Friday, 25 January 2008

Having a whale of a time in Todos Santos


One of the more magical elements of the “Pueblo Magico” of Todos Santos is the arrival of the grey whale migration, which usually peaks in early February, but started this season in mid November. I have to admit I am not entirely sure why the whales make it down this far, since the calving lagoons are quite a bit north of here (around Guerro Negro). Perhaps they too enjoy the warmth and the sunshine before heading back to the grayness and cold of the North?

Whales have an ability to draw loving attention from almost anyone who sees them. Just the sight of their vaporous spout, drifting backlit along the sea, is enough to make people drop what they are doing and look. When they decide to perform and leap continually out of the water, close to shore, there are usually shouts and sighs of “Ahh!” across the beach.

Realtors are very aware of the universal, mystical appeal of the whales. They have a saying “See a whale, make a sale”, and it is not all in jest.

Quite why these lumbering creatures illicit such a reaction, I do not know. Part of it is indeed their size, which seems so out of the ordinary that we are entranced. But then we don’t celebrate such largeness in all things. The term “beached whale” when applied to a large person sunbathing on a beach is not usually a term of endearment. The fairy dust appeal of the spouts loses something when you get close enough to smell its odour of rotting fish, and up close, the smooth sides of the whales are pocked with barnacles and other debris.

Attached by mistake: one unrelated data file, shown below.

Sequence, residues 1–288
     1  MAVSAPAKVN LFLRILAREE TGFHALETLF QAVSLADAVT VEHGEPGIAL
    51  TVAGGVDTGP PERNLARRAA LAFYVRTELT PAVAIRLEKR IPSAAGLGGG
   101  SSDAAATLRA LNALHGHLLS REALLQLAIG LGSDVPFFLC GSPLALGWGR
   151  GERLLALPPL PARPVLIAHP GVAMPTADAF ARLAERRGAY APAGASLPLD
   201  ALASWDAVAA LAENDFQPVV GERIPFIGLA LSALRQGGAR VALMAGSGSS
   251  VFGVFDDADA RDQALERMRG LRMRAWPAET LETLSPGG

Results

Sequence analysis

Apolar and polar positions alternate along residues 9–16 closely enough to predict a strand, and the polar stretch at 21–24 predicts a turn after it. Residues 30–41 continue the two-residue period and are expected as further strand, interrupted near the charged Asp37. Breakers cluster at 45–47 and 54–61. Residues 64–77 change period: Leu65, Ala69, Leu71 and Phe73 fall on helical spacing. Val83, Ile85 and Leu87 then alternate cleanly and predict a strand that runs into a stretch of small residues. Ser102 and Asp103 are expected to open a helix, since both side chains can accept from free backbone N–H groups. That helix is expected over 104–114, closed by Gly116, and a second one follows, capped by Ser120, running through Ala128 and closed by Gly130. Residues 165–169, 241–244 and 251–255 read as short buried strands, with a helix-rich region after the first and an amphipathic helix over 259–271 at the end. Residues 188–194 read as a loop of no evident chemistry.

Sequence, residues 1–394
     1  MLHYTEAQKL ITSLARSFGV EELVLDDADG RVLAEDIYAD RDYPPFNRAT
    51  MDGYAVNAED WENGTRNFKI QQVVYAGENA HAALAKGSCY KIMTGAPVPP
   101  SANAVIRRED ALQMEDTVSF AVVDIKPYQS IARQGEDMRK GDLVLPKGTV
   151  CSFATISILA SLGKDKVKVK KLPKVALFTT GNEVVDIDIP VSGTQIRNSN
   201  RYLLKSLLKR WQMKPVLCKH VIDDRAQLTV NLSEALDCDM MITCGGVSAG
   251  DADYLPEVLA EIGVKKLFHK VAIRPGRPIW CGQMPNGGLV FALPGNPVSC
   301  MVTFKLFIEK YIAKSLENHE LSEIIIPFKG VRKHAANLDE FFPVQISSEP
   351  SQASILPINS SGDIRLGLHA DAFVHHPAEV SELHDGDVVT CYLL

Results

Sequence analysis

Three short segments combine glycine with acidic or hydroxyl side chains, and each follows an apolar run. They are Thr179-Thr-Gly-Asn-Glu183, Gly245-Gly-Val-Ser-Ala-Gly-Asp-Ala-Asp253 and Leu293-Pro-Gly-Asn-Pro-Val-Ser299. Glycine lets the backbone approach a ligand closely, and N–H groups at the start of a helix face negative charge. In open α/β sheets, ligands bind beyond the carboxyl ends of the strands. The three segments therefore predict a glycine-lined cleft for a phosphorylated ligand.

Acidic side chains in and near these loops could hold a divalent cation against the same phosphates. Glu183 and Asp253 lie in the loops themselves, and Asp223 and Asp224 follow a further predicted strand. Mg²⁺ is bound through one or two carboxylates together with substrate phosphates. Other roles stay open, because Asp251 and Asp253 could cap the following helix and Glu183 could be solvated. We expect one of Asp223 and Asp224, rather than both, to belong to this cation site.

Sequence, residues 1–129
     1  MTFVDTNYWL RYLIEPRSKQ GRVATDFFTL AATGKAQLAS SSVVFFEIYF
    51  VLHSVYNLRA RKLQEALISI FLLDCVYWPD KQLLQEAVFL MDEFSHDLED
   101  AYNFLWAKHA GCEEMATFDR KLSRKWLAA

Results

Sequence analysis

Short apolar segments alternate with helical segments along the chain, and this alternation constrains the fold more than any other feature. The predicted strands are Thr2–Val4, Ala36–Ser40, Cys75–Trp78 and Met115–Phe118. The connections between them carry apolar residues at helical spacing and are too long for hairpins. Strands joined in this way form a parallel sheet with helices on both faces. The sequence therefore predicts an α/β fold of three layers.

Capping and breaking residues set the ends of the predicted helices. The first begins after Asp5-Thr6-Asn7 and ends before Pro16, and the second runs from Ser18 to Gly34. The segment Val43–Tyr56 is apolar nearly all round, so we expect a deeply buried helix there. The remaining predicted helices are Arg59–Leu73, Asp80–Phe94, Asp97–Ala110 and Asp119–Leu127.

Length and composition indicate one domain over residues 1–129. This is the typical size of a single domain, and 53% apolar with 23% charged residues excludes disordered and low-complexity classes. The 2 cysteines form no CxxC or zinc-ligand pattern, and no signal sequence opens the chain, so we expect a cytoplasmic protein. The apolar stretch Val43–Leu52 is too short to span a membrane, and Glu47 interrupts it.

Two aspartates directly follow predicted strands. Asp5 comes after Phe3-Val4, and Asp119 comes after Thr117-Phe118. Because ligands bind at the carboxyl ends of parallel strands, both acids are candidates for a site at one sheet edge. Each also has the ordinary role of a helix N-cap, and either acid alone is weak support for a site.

I suspect that the appeal has something to do with their gentleness (for all their size, they don’t attack other fish for their food, and content themselves with tiny amphipods that no-one really cares about), their apparent embodiment of family values as they swim lazily along in pods, and their seeming indifference to all the strife around us. Whales are, well, just serene, and maybe we wish that we could be too.

Of course, being humans and anything but serene, our attempts at connection and hence maybe sharing some of that elixir are intrusive. There are many whale watching trips offered and, driven by the insatiable demands of the public, and despite regulations that prohibit it, these boats approach far too close and finally disturb the whales. The latest abominations are powerful jet skis that time-starved tourists can use to go bother them directly and quickly with maximum noise. Being whales, though, they very rarely take revenge.

There can, however, be real danger in watching these creatures. The photo at the head of this posting was taken last year from one of the prime whale watching spots on the beach here, by La Poza Lagoon. The whales come within 50 feet of the shore, probably attracted by the fresh water seeping through the sand and the creatures that thrive in this brackish environment. One day after I took this photo, the place I was standing was swept away as the lagoon breached, and one person drowned.

No comments: